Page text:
Kalaf Epalanga’s debut novel Whites Can Dance Too is a momentous and invigorating glance behind the curtain of one man and his love affair with music and rhythm.
Epalanga manages to intertwine difficult themes of love, freedom and the ever-encroaching harm of racism around the world, all to the beat of Kuduro, the techno-infused music of Angola and Epalanga himself. His novel follows three different voices as they live through their own stories and battle their own struggles, accompanied by music and dance.
We are thrust into the story as we are introduced to Epalanga mere hours before the most important performance of his life in Oslo, stuck at the border with improper documentation. He is detained under the suspicion of being an illegal immigrant and finds himself trapped in a waiting game with antagonising immigration officials. Writers are told all the time that the opening passage to their piece is one of, if not the most important part of writing, and Epalanga’s is a masterclass in setting the tone for the remainder of the novel. When we meet him, he seems to be a jumbled mix of emotions. He is, at once, optimistic and laid back, while also showing a bone-deep apprehension towards his fate, recognised by anyone who has found themselves in a foreign country where no one looks like you. This contrast is found throughout the novel as Epalanga bridges the gap between African and European cultures, putting the two into sharp focus with the uniting power of music.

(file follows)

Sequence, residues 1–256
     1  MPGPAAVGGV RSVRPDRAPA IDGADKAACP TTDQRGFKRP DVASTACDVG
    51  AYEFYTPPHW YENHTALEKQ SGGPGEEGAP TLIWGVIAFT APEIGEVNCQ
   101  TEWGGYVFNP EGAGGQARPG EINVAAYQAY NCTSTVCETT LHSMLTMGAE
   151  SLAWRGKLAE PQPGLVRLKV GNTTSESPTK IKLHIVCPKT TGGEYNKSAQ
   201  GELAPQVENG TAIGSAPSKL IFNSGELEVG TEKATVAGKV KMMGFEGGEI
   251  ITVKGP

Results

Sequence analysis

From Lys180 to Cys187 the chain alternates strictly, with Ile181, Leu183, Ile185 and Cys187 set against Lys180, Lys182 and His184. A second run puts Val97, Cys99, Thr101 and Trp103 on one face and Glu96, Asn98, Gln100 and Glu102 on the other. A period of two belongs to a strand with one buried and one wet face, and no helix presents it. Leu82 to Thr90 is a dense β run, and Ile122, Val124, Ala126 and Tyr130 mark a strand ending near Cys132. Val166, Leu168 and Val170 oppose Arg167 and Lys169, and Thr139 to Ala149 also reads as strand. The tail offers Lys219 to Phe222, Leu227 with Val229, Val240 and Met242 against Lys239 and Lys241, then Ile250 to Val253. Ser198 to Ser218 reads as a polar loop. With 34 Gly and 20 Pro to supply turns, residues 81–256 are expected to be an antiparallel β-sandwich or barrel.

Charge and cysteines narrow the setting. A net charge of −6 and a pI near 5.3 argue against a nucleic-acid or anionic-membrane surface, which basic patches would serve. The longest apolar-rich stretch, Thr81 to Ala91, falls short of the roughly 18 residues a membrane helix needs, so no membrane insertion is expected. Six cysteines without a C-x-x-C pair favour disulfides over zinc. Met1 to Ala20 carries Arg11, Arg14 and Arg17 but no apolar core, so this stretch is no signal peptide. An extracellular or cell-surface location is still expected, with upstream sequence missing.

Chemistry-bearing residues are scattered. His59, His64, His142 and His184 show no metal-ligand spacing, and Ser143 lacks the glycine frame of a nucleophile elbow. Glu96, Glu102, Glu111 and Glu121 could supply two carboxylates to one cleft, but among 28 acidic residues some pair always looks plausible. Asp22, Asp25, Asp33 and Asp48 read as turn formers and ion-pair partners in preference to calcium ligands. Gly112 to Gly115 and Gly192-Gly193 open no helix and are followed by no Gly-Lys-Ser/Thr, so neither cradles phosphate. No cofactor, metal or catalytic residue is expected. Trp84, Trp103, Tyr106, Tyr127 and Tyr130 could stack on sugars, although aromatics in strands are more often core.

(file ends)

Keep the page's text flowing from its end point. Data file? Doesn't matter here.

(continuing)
As we delve deeper into his time in detention and the stories he tells of dance and Kuduro taking him and his friends all over the world, we become more and more aware of the underlying theme of “the Other”. The grey, lonely and oppressive walls of the detention facility Epalanga finds himself in are so starkly different to the bustling liveliness of Roque, the largest open-air store in Africa that a friend once took him to. There is a need for belonging that he sets up at the very beginning and throughout works to show his reader that you aren’t always going to find it everywhere you go.
To that point, however, I must include a lengthy quote from the middle of the novel (no spoilers!) that, I think, encapsulates another of the story’s key themes. Epalanga writes: “It looks like when you’re in the middle of the room, even if you seem to be only focused on your partner, there’s this whole collective choreography everyone seems to follow, a code of movement.” While Epalanga is detained and treated as “the Other” in one circumstance, there are many beautiful passages throughout the novel that proves dance and music and rhythm to be the universal voice across the globe. Epalanga’s music has taken him all over the world to perform, and it is music that is the common denominator throughout.
Overall, Whites Can Dance Too is a dazzling collage of culture and self-expression that is a testament to the author’s love of music and his talent for conveying it in written form. There are passages that could only have been written by a musician as they evoke a rhythm and movement that is hard to resist. I would recommend putting together a nice long playlist of songs from all over the world, and sitting back and reading Whites Can Dance Too this summer.
Whites Can Dance Too is available from 15th June from Faber.co.uk